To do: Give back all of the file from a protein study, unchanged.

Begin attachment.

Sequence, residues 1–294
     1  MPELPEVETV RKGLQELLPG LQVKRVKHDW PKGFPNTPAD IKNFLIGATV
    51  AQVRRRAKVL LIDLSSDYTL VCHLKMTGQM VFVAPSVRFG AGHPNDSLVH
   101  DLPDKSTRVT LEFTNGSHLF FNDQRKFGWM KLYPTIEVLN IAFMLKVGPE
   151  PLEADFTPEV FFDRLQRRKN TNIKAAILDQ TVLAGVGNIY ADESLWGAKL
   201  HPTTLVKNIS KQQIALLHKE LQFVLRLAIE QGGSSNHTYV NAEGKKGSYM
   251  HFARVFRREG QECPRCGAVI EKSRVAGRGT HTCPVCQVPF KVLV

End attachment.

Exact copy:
Sequence, residues 1–294
     1  MPELPEVETV RKGLQELLPG LQVKRVKHDW PKGFPNTPAD IKNFLIGATV
    51  AQVRRRAKVL LIDLSSDYTL VCHLKMTGQM VFVAPSVRFG AGHPNDSLVH
   101  DLPDKSTRVT LEFTNGSHLF FNDQRKFGWM KLYPTIEVLN IAFMLKVGPE
   151  PLEADFTPEV FFDRLQRRKN TNIKAAILDQ TVLAGVGNIY ADESLWGAKL
   201  HPTTLVKNIS KQQIALLHKE LQFVLRLAIE QGGSSNHTYV NAEGKKGSYM
   251  HFARVFRREG QECPRCGAVI EKSRVAGRGT HTCPVCQVPF KVLV